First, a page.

THE controversial plans for the huge Six56 logistics hub on Green Belt land are back in the frame, with Warrington South MP Andy Carter saying he will continue to oppose any large development attempting to “pre-judge the outcome of a new local plan.”
Despite plans by Eddie Stobart for a smaller distribution centre being thrown out on nearby land, Langtree and Panattoni are moving forward with their own plans to create a huge logistics centre on neighbouring land, which includes an Ancient Monument and is believed to be the site of a Roman settlement and road.
A new Environmental Health Report and Environmental Impact Assessment have been submitted to Warrington Borough Council‘s planning department for Land to the west of Junction 20 of the M6 Motorway, and Junction 9 of the M56 Motorway and to the south of, Grappenhall Lane/Cliff Lane (known as Six:56 Warrington) Grappenhall, Warrington.
The Outline Planning (Major) – Outline application (all matters reserved except for access) comprising the construction of up to 287,909m² (gross internal) of employment floorspace (Use Class B8 and ancillary B1(a) offices), demolition of existing agricultural outbuildings and associated servicing and infrastructure including car parking and vehicle and pedestrian circulation, alteration of existing access road into site including works to the M6 J20 dumbbell roundabouts and realignment of the existing A50 junction, noise mitigation, earthworks to create development platforms and bunds, landscaping including buffers, creation of drainage features, electrical substation, pumping station, and ecological works, accompanied by an Environmental Statement.
Commenting on the latest developments Mr Carter said: “I’ve followed the endless Local Plan making process in Warrington over the last four years, and the reason we are seeing speculative applications on the green belt, like this one, is because Councillors have failed to deliver a sound local plan. They’ll blame everyone else, but it comes down to the Local Authority to publish an up to date plan and they haven’t.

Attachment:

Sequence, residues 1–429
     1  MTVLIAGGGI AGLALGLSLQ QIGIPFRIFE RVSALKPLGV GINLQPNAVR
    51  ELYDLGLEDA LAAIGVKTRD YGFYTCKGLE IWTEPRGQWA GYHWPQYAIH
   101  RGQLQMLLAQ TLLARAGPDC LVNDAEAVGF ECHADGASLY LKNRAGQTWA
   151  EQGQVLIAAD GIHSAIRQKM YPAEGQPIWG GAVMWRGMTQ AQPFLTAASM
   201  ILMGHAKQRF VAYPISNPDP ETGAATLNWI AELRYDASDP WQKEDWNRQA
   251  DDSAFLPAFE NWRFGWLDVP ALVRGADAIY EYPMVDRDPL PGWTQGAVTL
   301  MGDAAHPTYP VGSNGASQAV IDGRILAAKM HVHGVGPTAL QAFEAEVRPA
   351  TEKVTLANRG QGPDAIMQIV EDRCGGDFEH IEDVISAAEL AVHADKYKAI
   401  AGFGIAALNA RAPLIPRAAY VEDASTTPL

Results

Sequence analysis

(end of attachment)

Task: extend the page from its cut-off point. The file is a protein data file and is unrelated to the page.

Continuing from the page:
“I want to see businesses locating in Warrington but I want them to do that in areas that have been designated for development, not on the Green Belt.
“I remain opposed to large schemes attempting to pre-judge the outcome of a new Local Plan. Planning applications for development in the Green Belt must show there are ‘exceptional circumstances’ for approval and as we saw with a recent call-in by the Secretary of State for land close to Appleton Thorn, there is rightly a very high threshold for approval.
“There is one final opportunity to get the Warrington Local Plan right, this isn’t a hyped claim or a phoney war, the next set of Councillors elected in May will be required to agree the Plan that will shape where we live for the next 20 years. They will have one opportunity to regenerate our town centre and make the right decisions on brownfield sites (more relevant than ever given Covid) and at the same time protect the green spaces which surround our town and villages,” he added.
The £180m development would provide 288,000 square metres of new employment space if approved by Warrington Borough Council.
But as well as being Green Belt the land includes an Ancient Monument and has the potential to include archaeological remains dating to the prehistoric, Roman, medieval, and post-medieval periods, according to a report by Andrew Davison, Inspector of Ancient Monuments, North West.